Cut in lawmakers' pay is OK, in Jerry Brown's opinion
The state attorney general today said a citizens commission acted within its powers when it decided to slash pay for state lawmakers by 18% last summer, rejecting arguments of legislative leaders who had challenged the panel’s authority.
Atty. Gen. Jerry Brown said in a broad legal opinion that the state Constitution allows the California Citizens Compensation Commission, which is appointed by the governor, to reduce the salaries of legislators and other elected officials in the middle of their terms.
The commission had previously been told by an attorney for the state personnel department that salary cuts could only be applied to those elected in the future, so the panel voted to cut salaries for those elected starting next year.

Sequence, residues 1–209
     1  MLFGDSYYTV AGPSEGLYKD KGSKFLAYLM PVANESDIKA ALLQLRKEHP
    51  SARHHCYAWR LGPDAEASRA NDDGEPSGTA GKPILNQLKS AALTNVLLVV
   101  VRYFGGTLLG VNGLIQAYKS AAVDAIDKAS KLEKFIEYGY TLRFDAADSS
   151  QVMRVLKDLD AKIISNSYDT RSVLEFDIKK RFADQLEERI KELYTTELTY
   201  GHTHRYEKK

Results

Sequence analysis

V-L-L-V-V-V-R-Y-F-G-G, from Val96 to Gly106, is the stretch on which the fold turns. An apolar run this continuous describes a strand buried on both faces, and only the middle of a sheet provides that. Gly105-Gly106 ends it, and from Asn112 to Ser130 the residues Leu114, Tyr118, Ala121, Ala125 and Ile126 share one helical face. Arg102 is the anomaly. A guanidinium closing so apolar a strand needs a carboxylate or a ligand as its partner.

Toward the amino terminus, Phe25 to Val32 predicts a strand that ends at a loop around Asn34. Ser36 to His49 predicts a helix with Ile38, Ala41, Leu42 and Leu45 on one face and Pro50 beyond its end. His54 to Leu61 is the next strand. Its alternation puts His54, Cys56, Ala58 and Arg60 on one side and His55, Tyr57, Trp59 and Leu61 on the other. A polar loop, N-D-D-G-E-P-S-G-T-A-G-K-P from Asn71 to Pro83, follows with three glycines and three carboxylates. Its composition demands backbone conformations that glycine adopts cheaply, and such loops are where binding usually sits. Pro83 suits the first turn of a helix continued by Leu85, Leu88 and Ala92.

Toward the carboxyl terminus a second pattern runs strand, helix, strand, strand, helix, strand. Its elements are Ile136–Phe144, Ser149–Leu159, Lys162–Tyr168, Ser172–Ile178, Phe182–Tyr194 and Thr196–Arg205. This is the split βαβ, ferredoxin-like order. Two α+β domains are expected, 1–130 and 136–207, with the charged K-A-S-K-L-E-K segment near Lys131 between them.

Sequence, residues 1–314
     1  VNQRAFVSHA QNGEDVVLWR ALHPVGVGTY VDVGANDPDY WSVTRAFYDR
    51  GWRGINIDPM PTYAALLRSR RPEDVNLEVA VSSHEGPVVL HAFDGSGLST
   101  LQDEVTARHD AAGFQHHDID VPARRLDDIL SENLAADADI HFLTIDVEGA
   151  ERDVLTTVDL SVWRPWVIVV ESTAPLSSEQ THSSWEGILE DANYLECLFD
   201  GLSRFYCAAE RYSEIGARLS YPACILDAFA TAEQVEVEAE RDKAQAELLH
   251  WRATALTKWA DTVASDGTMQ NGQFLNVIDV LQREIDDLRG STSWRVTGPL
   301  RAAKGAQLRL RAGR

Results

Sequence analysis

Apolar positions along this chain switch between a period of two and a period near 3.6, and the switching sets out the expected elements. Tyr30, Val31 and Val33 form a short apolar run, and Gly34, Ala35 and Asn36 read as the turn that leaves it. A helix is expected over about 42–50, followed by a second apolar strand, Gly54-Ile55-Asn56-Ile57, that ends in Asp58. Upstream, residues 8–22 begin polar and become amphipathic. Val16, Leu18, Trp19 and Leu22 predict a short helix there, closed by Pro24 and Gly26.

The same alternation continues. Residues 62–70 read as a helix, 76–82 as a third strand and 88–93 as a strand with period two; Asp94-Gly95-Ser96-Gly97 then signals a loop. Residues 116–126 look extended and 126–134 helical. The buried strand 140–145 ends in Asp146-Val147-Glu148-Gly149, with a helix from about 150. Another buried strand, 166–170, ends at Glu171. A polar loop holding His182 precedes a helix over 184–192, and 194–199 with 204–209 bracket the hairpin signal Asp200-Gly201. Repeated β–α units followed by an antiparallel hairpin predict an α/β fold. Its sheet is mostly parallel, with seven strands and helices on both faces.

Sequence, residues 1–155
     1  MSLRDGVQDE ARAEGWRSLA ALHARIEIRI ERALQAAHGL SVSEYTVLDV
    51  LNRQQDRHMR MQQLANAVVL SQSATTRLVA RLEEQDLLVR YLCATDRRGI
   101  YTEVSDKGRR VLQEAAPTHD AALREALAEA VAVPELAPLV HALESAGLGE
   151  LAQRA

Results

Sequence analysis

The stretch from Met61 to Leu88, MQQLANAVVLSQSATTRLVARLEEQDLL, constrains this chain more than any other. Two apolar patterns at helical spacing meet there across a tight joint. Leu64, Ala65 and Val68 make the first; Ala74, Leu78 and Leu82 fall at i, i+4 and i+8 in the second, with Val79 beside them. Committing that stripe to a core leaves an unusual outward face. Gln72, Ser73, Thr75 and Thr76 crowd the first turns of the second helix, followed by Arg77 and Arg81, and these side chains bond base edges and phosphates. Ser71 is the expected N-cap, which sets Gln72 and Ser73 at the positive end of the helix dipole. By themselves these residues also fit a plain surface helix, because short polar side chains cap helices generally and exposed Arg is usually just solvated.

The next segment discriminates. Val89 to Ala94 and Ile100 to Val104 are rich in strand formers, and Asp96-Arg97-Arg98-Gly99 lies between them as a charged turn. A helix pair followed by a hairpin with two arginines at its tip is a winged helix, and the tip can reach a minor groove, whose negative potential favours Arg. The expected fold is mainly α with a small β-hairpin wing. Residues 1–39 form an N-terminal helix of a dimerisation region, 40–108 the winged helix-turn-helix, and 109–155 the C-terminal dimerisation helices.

Charles Murray, the Los Angeles businessman who chairs the commission said he would ask the state controller to implement the pay reduction Dec. 7
Brown pointed to the voters' 1990 approval of Proposition 112, which requires the commission to "adjust the annual salaries of state officers" each year. "Any other interpretation would require assuming against all evidence that the voters in 1990 intended mid-term annual adjustments to only go up and never down, even in the face of a faltering economy and huge budget deficits," Brown wrote to legislative leaders.
His opinion did not address a challenge to the commission’s 18% cut in legislators’ per diem and car allowances.
-- Patrick McGreevy in Sacramento
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